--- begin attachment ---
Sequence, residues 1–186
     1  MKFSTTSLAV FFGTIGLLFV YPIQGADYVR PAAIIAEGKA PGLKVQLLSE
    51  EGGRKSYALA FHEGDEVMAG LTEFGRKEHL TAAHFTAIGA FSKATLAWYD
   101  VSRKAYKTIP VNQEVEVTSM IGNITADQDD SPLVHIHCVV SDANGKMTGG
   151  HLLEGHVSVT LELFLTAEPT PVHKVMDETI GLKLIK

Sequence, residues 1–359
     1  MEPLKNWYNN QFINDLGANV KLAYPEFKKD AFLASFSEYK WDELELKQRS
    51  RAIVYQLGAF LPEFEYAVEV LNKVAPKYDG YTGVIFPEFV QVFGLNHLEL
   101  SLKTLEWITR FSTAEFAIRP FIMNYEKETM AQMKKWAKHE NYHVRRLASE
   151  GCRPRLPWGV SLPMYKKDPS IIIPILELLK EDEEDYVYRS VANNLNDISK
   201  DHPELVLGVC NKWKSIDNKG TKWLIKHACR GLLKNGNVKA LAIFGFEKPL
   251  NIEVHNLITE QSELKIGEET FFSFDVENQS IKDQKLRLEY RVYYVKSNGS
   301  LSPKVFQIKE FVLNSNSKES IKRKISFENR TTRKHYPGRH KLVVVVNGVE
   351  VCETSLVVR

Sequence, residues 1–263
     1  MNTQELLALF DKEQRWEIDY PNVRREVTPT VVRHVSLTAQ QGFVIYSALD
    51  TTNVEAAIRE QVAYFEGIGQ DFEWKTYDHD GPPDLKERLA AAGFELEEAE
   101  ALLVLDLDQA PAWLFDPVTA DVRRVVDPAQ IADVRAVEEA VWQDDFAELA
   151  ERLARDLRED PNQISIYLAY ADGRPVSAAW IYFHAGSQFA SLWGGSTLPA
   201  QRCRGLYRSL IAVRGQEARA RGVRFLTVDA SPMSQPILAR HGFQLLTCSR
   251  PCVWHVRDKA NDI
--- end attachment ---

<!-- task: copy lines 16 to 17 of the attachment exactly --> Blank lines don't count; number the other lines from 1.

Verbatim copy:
     1  MNTQELLALF DKEQRWEIDY PNVRREVTPT VVRHVSLTAQ QGFVIYSALD
    51  TTNVEAAIRE QVAYFEGIGQ DFEWKTYDHD GPPDLKERLA AAGFELEEAE